Wednesday, June 29, 2011

At First Just Ghostly

Since I'm talking about Karl Edward Wagner I'll throw in a humorous (hopefully) little story. A few years back when I picked up the Nightshade Books volume Midnight Sun: The Complete Short Stories of Kane, I came across Wagner's story 'At First Just Ghostly' for the first time. Now you may recognize where the title comes from immediately, but I didn't. I just thought it a nifty turn of phrase and at that time I wasn't familiar with Karl's tendency to pull titles from song lyrics.
Anyway, that summer my workplace was playing an oldies station on the plant radio, which I can just barely hear in the office where I do my AutoCAD drafting and I thought I heard someone singing the line At First Just Ghostly. I sort of recognized the song as one I'd heard a lot as a kid, so I got up and went out into the plant in time to catch the second verse and then the chorus:

And so it was that later
as the miller told his tale
that her face, at first just ghostly,
turned a whiter shade of pale

This is, of course Procol Harum's famous 1967 song A Whiter Shade of Pale. Guess I'd just never paid much attention to the lyrics...

4 comments:

Anonymous said...

You got me. I've admired this story for years and never nailed down the title's reference.

Hey, in connection to KEW and his work, do you have David Drake's collection, Balefires? This is an anthology of Drake's early fantasy and horror work, done mostly when he was recently back from Vietnam, hanging with KEW and Manly Wade Wellman, and writing stories directly inspired by the Weird Tales tradition.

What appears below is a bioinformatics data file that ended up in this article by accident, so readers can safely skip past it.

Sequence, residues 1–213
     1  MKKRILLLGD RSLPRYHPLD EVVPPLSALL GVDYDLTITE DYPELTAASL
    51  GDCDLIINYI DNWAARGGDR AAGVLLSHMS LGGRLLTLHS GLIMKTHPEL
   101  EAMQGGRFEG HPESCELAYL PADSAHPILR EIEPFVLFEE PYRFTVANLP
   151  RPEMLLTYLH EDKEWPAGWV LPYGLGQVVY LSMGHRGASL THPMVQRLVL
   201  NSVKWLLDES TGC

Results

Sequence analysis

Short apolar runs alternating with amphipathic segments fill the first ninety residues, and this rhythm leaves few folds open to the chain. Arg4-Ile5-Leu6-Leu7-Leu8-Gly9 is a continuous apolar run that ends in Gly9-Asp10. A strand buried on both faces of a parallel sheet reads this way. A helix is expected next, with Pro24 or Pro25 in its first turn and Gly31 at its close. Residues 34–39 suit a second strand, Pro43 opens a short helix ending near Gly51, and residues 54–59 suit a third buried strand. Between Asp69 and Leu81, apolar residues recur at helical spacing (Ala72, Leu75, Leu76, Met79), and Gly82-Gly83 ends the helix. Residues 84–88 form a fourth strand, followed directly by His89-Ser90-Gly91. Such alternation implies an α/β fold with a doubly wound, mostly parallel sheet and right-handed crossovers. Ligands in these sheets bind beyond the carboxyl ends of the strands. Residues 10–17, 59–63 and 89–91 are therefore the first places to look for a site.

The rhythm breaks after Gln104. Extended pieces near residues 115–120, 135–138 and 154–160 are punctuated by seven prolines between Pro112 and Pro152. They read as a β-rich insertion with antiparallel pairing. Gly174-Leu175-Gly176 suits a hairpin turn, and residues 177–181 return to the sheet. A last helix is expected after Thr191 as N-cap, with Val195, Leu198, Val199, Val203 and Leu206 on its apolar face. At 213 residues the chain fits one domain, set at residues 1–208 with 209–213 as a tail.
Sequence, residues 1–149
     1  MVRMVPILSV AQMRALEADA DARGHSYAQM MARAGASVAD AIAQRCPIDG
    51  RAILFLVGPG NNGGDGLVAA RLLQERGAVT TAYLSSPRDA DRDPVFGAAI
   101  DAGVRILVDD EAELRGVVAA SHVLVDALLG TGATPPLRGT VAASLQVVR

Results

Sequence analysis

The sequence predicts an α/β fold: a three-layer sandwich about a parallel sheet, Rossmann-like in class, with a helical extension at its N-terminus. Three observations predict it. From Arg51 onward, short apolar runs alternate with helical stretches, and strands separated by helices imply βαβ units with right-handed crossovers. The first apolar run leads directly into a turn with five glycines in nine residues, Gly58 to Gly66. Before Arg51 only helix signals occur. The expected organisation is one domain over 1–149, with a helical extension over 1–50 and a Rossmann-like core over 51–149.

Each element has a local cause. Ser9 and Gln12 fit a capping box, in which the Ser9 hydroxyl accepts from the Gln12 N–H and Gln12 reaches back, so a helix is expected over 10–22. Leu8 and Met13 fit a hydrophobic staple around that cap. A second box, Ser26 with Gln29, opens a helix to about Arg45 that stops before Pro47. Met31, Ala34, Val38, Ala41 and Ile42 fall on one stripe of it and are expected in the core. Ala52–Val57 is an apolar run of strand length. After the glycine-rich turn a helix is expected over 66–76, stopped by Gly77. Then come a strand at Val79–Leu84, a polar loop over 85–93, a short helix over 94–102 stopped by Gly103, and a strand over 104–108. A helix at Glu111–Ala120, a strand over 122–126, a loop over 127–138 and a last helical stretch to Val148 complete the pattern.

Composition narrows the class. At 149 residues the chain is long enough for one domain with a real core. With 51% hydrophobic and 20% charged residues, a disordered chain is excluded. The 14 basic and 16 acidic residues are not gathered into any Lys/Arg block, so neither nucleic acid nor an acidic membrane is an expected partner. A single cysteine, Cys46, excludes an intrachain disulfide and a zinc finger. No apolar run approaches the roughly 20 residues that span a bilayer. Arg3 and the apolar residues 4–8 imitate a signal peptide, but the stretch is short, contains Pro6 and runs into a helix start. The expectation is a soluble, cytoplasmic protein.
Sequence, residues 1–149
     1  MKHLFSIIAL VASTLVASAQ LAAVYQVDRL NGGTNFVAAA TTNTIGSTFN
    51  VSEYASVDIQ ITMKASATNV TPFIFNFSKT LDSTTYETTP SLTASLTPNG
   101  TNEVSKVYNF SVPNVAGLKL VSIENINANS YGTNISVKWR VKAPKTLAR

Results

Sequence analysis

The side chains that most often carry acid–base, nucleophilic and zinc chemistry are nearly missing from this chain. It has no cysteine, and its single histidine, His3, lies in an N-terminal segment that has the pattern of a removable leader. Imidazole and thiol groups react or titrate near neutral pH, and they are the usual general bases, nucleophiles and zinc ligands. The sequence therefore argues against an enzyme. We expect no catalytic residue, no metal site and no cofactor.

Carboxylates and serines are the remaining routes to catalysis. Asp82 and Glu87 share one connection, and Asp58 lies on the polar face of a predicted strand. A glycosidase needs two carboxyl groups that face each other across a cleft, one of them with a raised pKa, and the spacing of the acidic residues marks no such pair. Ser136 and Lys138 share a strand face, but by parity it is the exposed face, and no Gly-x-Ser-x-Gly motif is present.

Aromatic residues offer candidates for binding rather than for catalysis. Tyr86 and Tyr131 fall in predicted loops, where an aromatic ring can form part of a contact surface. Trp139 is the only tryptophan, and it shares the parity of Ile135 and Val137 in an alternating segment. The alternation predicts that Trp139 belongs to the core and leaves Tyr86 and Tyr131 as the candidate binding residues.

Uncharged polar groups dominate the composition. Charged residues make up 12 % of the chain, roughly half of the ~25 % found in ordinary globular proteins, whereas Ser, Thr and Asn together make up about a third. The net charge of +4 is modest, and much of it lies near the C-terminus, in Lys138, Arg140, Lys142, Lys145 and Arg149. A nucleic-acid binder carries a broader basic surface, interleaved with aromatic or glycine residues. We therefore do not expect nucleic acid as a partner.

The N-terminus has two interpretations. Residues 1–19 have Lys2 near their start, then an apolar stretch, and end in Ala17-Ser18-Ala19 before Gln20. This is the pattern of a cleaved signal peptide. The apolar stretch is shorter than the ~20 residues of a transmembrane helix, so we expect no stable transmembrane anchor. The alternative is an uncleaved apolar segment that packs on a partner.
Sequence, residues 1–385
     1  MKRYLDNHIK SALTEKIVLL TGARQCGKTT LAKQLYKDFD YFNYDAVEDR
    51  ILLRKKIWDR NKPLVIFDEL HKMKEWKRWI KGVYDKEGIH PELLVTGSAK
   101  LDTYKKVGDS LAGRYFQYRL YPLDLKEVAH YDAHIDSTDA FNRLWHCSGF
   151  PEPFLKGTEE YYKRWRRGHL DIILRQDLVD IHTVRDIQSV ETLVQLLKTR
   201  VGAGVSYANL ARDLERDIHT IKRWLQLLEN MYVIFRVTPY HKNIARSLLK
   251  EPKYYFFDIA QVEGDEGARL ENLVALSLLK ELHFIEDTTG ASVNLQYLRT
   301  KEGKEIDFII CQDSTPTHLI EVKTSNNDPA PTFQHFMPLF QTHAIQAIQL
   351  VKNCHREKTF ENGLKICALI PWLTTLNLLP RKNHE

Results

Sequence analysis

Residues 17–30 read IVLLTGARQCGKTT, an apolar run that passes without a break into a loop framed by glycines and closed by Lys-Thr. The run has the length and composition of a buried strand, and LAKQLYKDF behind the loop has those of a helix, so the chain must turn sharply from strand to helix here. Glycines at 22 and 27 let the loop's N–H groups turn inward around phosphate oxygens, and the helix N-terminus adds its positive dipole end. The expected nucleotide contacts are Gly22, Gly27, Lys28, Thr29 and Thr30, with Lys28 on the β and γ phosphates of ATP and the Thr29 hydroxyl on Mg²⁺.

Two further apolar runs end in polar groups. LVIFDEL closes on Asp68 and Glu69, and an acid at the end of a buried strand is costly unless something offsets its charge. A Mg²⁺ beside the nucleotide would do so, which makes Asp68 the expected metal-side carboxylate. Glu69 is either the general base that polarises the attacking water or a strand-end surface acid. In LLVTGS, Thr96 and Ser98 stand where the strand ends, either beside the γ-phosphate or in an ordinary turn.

Although I've read virtually all the stories in the collection elsewhere, they are very much worth reading again. Grouping them together creates a volume well suited to sitting on the shelf next to KEW's In A Lonely Place.

John Hocking

Charles R. Rutledge said...

No, wasn't familiar with that one, John. I shall see about getting a copy immediately. Thanks for the heads up!

Jim Rockhill said...

The only problem with BALEFIRES is its exclusion of Drake's equally fine Vettius and Dama stories set in the Roman Empire. Fine "heroic" fantasy with a strong horrific element - the qualifying quotes denoting that Drake's fantasy stories, at least at this time in his career, is just as sharp-edged as that of his friend, Karl Edward Wagner. If Wagner looked toward Howard for inspiration, Drake tended to look toward Clark Ashton Smith, and these stories would pass be out of place in ancient Averoigne.

Jim Rockhill

Charles R. Rutledge said...

More stuff for me to look for. Thanks Jim!